The full spectrum of medium and long-term consequences of the Russian invasion of Ukraine on the packaging sector is not yet entirely evident but is likely to be far-reaching. The war has already had an immediate impact on the industry by raising the prices of raw materials and affecting the way that businesses are able to operate. 

Various operations have been suspended in Ukraine and businesses are halting their production and sales in Russia, while others report continuing to monitor the situation before announcing their next steps. Meanwhile, crude oil, natural gas and naphtha have reached new highs, which has also been the case for aluminium.

Rising prices of raw materials

Oil and gas prices have skyrocketed as a result of the invasion of Ukraine, with the Independent Commodity Intelligence Services (ICIS) reporting that in the past week, prices for crude oil reached highs that had not been seen for years. On Friday 4 March- over a week since the day that Russia invaded Ukraine- prices were at $120/bbl for physical delivery of dated BFOE. Meanwhile on Monday 7 March, prices for natural gas in the northwest European market were driven close to more than an unprecedented 270 euros a megawatt-hour.

Ajay Parmar, Senior Oil Market Analyst at ICIS, explained that a tight supply and demand dynamic had been driving crude oil prices up even before Vladimir Putin authorized the invasion in Ukraine. This precarious balance of supply and demand is the result of a forceful bounce-back in demand following the pandemic, which has been met by a supply incapable of keeping up.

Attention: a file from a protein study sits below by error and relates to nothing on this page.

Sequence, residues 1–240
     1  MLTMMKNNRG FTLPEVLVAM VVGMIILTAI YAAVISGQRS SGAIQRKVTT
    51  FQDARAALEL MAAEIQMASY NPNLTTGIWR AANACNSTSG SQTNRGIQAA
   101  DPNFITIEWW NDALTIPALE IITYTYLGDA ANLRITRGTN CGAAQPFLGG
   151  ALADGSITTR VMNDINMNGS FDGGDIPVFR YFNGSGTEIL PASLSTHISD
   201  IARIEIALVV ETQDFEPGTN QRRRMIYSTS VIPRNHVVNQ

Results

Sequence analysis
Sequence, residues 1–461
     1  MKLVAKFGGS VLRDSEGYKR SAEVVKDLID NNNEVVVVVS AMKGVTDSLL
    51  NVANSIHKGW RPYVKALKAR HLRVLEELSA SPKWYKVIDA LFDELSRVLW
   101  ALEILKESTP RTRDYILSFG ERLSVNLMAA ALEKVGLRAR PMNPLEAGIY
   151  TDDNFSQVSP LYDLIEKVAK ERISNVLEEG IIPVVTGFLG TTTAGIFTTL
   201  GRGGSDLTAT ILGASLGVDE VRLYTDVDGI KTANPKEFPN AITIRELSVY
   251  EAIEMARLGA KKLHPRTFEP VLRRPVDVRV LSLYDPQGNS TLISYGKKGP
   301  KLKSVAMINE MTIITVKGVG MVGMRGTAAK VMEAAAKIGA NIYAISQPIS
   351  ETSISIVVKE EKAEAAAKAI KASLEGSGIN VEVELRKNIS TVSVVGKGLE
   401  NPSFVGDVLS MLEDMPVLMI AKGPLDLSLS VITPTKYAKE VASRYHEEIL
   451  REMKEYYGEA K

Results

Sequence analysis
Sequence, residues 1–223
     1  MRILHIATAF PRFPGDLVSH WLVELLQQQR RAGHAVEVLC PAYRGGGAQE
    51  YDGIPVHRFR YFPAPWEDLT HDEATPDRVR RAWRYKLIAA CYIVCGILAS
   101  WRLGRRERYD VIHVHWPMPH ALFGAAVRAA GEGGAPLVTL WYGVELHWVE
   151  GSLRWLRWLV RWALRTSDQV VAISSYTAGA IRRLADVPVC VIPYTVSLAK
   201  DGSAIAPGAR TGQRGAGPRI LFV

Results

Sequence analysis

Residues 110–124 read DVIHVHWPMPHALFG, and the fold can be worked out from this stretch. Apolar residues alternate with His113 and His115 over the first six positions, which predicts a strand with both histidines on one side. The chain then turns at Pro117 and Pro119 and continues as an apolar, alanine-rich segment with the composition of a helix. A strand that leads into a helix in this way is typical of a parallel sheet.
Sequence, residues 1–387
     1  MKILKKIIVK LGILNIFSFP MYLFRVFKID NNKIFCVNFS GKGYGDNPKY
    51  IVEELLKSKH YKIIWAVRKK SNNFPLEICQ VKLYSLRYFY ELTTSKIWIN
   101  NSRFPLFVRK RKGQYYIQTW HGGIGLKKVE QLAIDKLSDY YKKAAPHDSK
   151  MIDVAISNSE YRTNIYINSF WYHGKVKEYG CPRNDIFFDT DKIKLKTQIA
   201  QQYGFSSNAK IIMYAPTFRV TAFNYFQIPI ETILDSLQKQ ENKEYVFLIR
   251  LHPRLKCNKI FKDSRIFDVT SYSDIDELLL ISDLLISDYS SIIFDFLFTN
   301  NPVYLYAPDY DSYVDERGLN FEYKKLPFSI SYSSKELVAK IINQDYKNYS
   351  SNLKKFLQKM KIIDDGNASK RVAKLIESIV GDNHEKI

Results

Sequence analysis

The crisis in Ukraine further drove up the price amid concerns regarding the exporting capability of Russia that exports 4.5 to 5 million barrels per day, around half of which goes to Europe. “The reason why it spiked further in the last few days is because even though there have not been any direct sanctions on Russia’s oil or gas production, there has already been a material decrease in Russia’s oil and gas exports,” Parmar said.

“Specifically on oil, there has been a reduction of around 1.5 million barrels per day of Russian oil exports into the rest of the world,” he explained, “and that’s purely because there has been very little clarity over these sanctions.” The announcement from White House that it would be willing to impose sanctions on Russia’s exports of oil and gas has also contributed to driving up prices.

According to Parmar, the only move can bring oil prices down in the immediate and near-term would be barrels from Iran. “That’s the only major factor that can really dent in the oil price right now,” Parmar explained, adding that a nuclear deal is more plausible now than it has been in the past. “It looks like that could come into the market fairly soon,” he said.

“Iran could add around 1.3 million barrels per day of crude oil into the market,” he added. “It claims it can do that within one to two months [but] realistically, the 1.3 million barrels per day will come into the market over the course of probably 3 to 6 months.”

Iran also has an additional storage of 80 to 120 million barrels available globally that it can also feed into the market. “We don’t know exactly how much they would release all at once, but you could be looking at upwards of 1.5, maybe 2 million barrels per day of crude added into the market,” Parmar said. “And if we see a reduction of Russian exports- if it halves, let’s say, from 4.5 to 2.2- then an addition of Iranian barrels of 1.5 to 2 million barrels per day can counter a lot- but not all- of that negative effect.”

The prices of naphtha have also been driven up, in part reflecting the high prices of crude oil, but have continued to rise due to low inventories of the major petrochemical feedstock. “We have the lowest Amsterdam-Rotterdam-Antwerp (ARA) inventories of naphtha that we’ve seen since 2016, it’s extremely low,” Parmar commented.

“Russia also supplies a significant amount of Europe’s naphtha demand- around 50% of overall European naphtha imports come from Russia- so this conflict is a direct threat to the naphtha market as well as the crude oil market,” he added. LPG prices have also risen due to the high crude oil prices, driving up the price of feedstock for petrochemicals.